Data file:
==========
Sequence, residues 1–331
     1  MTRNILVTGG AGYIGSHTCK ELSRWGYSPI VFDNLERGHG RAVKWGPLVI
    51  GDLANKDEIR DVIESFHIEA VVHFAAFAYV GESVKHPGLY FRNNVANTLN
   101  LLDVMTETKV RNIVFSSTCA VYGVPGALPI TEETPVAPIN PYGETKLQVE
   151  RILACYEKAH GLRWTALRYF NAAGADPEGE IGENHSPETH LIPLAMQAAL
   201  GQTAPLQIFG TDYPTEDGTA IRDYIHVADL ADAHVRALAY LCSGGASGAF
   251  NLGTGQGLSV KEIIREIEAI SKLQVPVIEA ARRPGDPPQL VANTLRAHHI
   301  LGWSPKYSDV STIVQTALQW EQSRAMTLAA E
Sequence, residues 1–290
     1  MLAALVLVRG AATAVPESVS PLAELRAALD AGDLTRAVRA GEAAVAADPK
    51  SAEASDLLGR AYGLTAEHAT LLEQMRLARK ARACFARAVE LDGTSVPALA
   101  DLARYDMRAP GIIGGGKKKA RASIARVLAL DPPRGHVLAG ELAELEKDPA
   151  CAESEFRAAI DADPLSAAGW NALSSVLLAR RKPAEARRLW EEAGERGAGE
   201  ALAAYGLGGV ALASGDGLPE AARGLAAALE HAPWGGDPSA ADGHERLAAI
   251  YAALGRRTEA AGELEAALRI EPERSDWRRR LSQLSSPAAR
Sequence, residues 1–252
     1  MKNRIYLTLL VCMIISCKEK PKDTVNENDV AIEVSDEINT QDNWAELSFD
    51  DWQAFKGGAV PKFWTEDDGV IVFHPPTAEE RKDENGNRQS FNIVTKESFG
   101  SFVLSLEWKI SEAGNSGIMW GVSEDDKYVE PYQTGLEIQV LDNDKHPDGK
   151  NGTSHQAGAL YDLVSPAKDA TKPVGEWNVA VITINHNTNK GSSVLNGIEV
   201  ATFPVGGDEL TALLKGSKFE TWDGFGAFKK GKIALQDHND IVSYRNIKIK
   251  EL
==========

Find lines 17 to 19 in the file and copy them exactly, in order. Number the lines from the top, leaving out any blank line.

     1  MKNRIYLTLL VCMIISCKEK PKDTVNENDV AIEVSDEINT QDNWAELSFD
    51  DWQAFKGGAV PKFWTEDDGV IVFHPPTAEE RKDENGNRQS FNIVTKESFG
   101  SFVLSLEWKI SEAGNSGIMW GVSEDDKYVE PYQTGLEIQV LDNDKHPDGK